Not Making Backups (offsite) and Not Testing Backups
Check up on what’s being backed up. Even if you set up automated backups for them in the past, make sure the backups are being created and that you can restore the site from them before you make any irrevocable changes.
Developing on the Production Server
Especially if you haven’t made backups! You don’t want visitors, or even your client, to see the site when you just messed something up. Use a local development environment or at least a separate install on a subdomain.
Not Getting All the Credentials Before You Start
While you might not know for certain that you’re going to need to log on to the client’s domain registrar, hosting cPanel, Google Analytics, FTP server, etc. as well as their WordPress site, it’s better to have this information and not need it than to have to call the client in a panic because you messed something up and don’t have the access you need to fix it. (Especially if you are guilty of developing on the production server.) If a client doesn’t have a WordPress.com account (for instance), either create a forwarder from their domain email or a throwaway Gmail account you can use in order to set things up. (When the project is finished, point the forwarder to the client’s email.)
Forgetting to turn on the search engines
You might want to make use of this pre-launch checklist from WPMUDEV or this checklist for launching a Genesis project to avoid embarrassing oversights like continuing to block search engines when you promised improved SEO.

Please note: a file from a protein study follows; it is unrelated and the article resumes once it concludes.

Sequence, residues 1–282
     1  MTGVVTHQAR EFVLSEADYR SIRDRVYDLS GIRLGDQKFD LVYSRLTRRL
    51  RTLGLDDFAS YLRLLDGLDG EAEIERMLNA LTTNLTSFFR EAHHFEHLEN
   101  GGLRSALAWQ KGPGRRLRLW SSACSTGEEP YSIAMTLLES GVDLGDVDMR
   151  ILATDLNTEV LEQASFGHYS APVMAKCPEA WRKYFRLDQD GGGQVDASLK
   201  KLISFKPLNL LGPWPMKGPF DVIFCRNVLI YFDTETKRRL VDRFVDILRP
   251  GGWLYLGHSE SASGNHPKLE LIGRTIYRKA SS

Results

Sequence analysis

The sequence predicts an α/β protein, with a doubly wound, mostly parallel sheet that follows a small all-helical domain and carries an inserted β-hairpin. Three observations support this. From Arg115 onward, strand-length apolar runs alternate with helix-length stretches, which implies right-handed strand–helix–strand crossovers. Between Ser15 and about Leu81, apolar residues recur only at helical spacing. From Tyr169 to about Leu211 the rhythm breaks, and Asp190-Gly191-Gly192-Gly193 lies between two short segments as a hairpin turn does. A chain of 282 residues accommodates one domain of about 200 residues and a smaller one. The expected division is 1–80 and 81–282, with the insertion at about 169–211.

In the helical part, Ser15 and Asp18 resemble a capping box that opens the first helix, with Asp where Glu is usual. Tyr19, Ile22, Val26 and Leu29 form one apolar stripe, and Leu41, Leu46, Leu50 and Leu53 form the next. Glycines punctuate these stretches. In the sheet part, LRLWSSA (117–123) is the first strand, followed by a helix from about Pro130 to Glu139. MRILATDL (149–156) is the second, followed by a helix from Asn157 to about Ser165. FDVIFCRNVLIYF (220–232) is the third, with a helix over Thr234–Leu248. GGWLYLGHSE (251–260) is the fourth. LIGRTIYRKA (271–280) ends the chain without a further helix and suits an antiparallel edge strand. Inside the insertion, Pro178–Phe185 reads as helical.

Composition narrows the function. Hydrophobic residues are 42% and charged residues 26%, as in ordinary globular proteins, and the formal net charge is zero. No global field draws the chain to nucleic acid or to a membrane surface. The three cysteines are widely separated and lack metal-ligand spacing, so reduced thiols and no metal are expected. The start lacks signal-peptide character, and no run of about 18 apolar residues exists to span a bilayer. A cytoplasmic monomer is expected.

Not mapping old URLs
Unless you are keeping exactly the same page/permalink structure from the old site to the new one, you need to create a spreadsheet with the URLs of all pages on the old site so that you can map them to their destinations on the new site. This is the basis of your 301 Redirects. You can copy the appropriate cells into the Batch RewriteRule Generator and then have them ready to put in your .htaccess file. Without the appropriate redirects (whether you use .htaccess, a plugin like Redirection or Simple 301 Redirects, or a tool provided by your hosting company, redirects preserve the incoming links and Google ranking of the pages you move.
Assuming Your Client Is as Technical as They Want You to Think They Are
“This should be easy,” or “This should only take you an hour,” are big red flags. Also, clients use words they don’t understand. You might give them exactly what they asked for, only to discover they meant something else entirely. Ask clarifying questions. One of the best is “Why do you want this feature?”
Assuming Your Client (or Subcontractor) Understands What You’re Talking About
Ask them to paraphrase what you’ve told them in their own words. People hate to look ignorant, but pretending to understand something you don’t leads to unfortunate (and avoidable) misunderstandings.